Erin Flynn Mobley once roamed the courts and filled the box scores as a basketball star at Newton High School, but once she completed a successful collegiate career on the hardwood, she turned her lifelong passion for horses into a fulfilling vocation.
“You either have the bug or you don’t.” Erin Flynn Mobley was bitten by the horse bug at age 4 and has not been the same since. “Horses are my life,” she said. The statement is not just a romantic notion. It is also an acknowledgement of the blood, sweat and tears that go into being a professional rider, horse trainer and farm manager.
Mobley—founder of Divine Sport Horses—shares her 10-acre Mansfield farm with husband Josh, 7-year-old daughter Olivia and 14 horses. Her mother, who helps care for the horses when needed, also lives onsite in what was once a dairy parlor. Josh seldom rides but pitches in with mowing when he is not working as a supervisor with Walton County EMS. Olivia has been riding “since she could sit up” and assists her mother with farm chores if she is not riding her pony, Twinkle Toes. The family dog watches over the proceedings. “Everest goes wherever Everest pleases,” Mobley said.
Mobley’s love for horses began as a child when she was introduced to them by her mother and aunt, who were themselves horse riders and breeders. Though her love affair with horses began early on, she took a 10-year hiatus to play basketball, starring as a point guard with Newton High School in the late 1990s. Mobley was recruited by several Division I schools before settling on Augusta State University, where she started as a freshman. However, the lure of a bigger city precipitated a transfer to Oglethorpe University in Atlanta. There, she led her team to the national tournament in each of her three seasons and once set a school record by knocking down seven three-pointers in a single game.
Once the final buzzer sounded and signaled the end of her basketball career, it did not take Mobley long to figure out what she would do next.
“Horses are my life.”Erin Flynn Mobley
“As soon as I was done,” she said, “I was like, ‘OK, horses—got to get back into the horses.’”
She did so with great verve.
Today, some 15 years later, Mobley rides herd over a business that involves training horses and riders, as well as breeding and selling horses. A century-old, renovated barn and three-board fences dividing multiple paddocks are obvious signs of a seven-year-long and running “work in progress.” Mobley has taken what she learned as the acting captain on the basketball court and applied it to her business, especially as it relates to horse and rider. She pushed back on the idea that horse riding, unlike basketball, is an individual sport.
“You and your horse are a team,” she said. “It’s a partnership for sure.” She stressed the importance of knowing your team and being able to communicate well with them as a trainer. “It’s like, ‘How do I train this horse and this rider the way that they will go best and the way the horse will understand and the way the rider will understand?’”
If there is one aspect of the business Mobley likes better than training others to ride, it is riding herself. However, for her, it is about more than just getting back in the saddle.
“Let’s be clear,” she said, slipping confidently into coaching mode. “I’m a competitor, right? You practice to play basketball games. You train to compete at horse shows. Is training fun? Yes, but the end goal is the competition. It’s too much work and it’s too hard if you can’t compete.”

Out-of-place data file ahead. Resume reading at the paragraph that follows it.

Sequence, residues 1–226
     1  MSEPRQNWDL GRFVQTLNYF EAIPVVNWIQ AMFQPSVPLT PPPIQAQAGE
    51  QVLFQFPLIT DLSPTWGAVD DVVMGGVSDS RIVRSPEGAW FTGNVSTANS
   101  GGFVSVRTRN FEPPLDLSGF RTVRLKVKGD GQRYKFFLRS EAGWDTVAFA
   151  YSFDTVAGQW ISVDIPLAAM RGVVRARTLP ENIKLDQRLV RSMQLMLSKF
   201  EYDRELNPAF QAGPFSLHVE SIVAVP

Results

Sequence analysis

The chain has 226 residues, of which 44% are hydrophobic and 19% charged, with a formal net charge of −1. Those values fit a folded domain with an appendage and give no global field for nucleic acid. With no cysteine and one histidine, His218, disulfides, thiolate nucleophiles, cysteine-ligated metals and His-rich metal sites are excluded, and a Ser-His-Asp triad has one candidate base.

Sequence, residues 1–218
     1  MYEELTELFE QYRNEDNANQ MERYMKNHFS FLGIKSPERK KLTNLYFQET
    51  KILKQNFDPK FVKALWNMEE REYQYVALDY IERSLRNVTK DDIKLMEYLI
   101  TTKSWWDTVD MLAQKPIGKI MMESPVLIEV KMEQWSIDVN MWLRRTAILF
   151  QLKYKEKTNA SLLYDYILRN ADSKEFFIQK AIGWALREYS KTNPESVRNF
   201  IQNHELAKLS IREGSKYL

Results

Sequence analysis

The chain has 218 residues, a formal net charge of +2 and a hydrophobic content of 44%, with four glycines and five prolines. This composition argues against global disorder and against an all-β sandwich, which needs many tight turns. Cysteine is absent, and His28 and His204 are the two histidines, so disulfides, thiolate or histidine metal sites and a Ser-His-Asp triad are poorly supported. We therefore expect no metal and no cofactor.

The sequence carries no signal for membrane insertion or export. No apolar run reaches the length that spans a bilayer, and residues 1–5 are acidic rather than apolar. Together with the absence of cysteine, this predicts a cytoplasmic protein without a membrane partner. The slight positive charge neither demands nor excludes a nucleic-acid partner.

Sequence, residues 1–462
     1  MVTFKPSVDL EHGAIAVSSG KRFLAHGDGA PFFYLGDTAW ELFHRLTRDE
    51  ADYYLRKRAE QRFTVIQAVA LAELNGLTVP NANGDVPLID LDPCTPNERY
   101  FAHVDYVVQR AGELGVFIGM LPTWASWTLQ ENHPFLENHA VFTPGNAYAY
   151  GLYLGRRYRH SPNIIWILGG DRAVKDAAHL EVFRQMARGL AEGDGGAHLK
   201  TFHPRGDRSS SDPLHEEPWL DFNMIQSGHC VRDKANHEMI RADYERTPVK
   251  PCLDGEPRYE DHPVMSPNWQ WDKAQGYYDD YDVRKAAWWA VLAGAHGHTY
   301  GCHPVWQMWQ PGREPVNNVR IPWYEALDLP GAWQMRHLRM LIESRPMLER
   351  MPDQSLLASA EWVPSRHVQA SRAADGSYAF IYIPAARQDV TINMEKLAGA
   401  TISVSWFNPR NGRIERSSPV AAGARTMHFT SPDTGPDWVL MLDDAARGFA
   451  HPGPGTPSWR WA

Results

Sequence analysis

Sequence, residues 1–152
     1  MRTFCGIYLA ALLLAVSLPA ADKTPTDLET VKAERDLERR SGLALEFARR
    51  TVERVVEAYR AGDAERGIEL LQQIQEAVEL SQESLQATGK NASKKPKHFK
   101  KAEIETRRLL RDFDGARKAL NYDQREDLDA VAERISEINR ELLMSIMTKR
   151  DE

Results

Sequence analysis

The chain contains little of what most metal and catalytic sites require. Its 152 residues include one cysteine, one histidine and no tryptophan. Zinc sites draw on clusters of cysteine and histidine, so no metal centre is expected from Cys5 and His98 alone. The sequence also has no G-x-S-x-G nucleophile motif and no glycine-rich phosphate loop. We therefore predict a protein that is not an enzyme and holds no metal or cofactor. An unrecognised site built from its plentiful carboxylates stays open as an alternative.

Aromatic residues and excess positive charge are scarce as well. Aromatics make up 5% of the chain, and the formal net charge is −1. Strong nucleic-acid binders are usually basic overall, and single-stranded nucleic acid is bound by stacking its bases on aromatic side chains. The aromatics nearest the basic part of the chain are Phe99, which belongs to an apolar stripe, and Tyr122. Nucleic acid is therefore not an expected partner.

Mobley, an admitted adrenaline junkie, grew up competing in an equestrian discipline called hunter-jumper, but it was not quite the fit for her. “I needed a little bit more excitement,” she said. She found it in the sport of eventing. An Olympic sport, three-day eventing, as it is sometimes called, is often referred to as “the triathlon of riding” because it is made up of three components: dressage, cross-country and stadium jumping.
“Dressage is basically ballet in a little white box with a horse and rider,” Mobley said. “Cross-country is endurance and strength and guts and heart. Stadium jumping is, ‘Can you show jump clean (no rails knocked down) after you’ve galloped across the country the day before?’”
Over the years, Mobley’s competitive spirit, skill and love for the sport have served her well, as she has enjoyed an impressive measure of success. Before turning professional, she was named Intermediate Amateur Rider of the Year by the United States Eventing Association in 2012. She has bred and trained more than a few horses and sometimes buys thoroughbreds “off the track,” potentially saving them from being shipped to overseas slaughterhouses. She has also trained some thoroughbreds to high levels of competition and re-homed others according to their abilities.
Mobley concedes that striving to be the best in such a competitive sport as eventing, especially with limited resources, can be a grind. Is it worth it?
“Oh, yeah,” she said. For Mobley, there are always goals to pursue, even if they turn out to be unattainable in the end. “You always have hopes and dreams—this horse might be the Olympic horse—but they’re pretty far-fetched dreams.”
Royal Ruckus is Mobley’s all-time favorite horse and a thoroughbred. She calls him Shorty. “He was a little guy, 15-hands,” she said, “tiny but mighty.” When it came to practicing as opposed to competing, Shorty and Mobley were on the same page. “My dad always called me a gamer, and Shorty was a little bit that way,” she said. “Like at home, yeah, he’d go through the movements and the motions. When we got to the show, it was like a whole other level. We were both gamers.”
The basketball player-turned-equestrian revealed a mindset that can make even seemingly unreachable dreams come true: “Yeah, you practice and you prepare, but when you get in the primetime, you’re like, ‘OK, this is it. This is our Olympics.’”